It’s been awhile since I’ve discussed the history of mercury pollution on the blog. It remains one of my main research interests, although it has taken a backseat to other projects of late. I attach below a poster I presented at the American Society for Environmental History annual meeting in 2010. While the original poster is collecting dust in a corner of my study, it seemed to me that a “visual” form of research should be seen, so I share it here. As posters go, this isn’t terribly good. Too much text and fine detail. It might work better as a webpage, but not as a poster. I would discourage students from adopting this as a model for their own work.
The blue sidebar contains much of the intellectual framework for the project, which is designed as a global study of knowing and regulating mercury pollution since Minamata. The poster outlines all of this, but I was especially interested in the political activism of a young subset of of Swedish scientists who became concerned about mercury in the Swedish landscape and engaged not just their scientific expertise, but also a nascent method of science information to share their concerns with the public. Frustrated by the relative inertia exhibited by policy makers and convinced that a solution was urgently needed, these younger scientists—who had left their independent research and turned their attention to mercury problems—entered the mainstream debate and argued vociferously for more radical responses to mercury pollution. Coming from disparate backgrounds, they came to refer to themselves (not at all self-consciously) as the “Mercury Group,” as they fostered working relationships and pushed their findings into the mainstream media.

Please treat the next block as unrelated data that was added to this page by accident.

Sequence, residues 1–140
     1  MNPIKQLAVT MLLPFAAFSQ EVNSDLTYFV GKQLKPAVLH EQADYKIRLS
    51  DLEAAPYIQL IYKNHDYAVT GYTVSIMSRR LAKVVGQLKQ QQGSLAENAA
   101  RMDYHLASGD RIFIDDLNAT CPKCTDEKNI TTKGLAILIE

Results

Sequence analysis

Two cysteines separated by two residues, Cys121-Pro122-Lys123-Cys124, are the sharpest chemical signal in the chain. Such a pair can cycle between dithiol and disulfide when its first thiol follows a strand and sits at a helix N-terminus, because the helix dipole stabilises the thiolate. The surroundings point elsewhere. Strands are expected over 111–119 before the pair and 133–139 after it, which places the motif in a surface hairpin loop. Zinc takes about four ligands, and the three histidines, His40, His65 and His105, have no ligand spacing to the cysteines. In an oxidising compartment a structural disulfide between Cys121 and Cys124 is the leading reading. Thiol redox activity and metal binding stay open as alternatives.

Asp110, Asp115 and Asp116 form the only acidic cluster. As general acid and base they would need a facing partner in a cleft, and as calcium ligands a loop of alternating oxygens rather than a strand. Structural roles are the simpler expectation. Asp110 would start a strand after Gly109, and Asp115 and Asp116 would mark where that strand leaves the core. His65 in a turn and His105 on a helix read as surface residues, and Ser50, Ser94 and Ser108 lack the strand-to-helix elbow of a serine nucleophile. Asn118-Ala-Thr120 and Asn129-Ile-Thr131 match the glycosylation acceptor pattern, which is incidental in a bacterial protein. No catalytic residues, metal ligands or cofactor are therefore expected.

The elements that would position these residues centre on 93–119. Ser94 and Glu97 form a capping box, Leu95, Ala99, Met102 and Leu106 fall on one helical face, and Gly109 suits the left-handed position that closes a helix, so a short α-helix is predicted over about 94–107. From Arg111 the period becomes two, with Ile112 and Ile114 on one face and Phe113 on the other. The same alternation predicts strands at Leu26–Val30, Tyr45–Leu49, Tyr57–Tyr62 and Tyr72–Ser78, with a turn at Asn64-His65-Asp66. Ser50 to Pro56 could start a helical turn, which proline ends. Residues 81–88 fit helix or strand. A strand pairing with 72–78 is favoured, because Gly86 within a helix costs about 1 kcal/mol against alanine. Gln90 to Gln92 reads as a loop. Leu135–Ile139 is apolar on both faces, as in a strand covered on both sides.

In August 2009, I traveled to Stockholm and met with four members of the mercury group at the home of Göran Löfroth. It was the first time that Löfroth, Hans Ackefors, Carl-Gustav Rosen, and Nils-Erik Landell had sat down together in almost forty years (though they had stayed in touch). Over the course of a meal and a couple of hours of discussion, they reminisced on their collective efforts to effect a policy response to the mercury problem as it emerged in the 1960s. There was something very moving about the session, as these now elderly men shared their memories and reconnected after many years. In many respects, it is one of the most rewarding professional experiences I have enjoyed. The main text includes excerpts from an oral history I conducted with these four protagonists of the Swedish mercury case.
TA Hayley sent along a link to an article in the New York Times about Peter G. Neumann and computer technology, which ties in nicely with last week’s lecture ideas on system originating and system stabilizing technologies. Worth a look!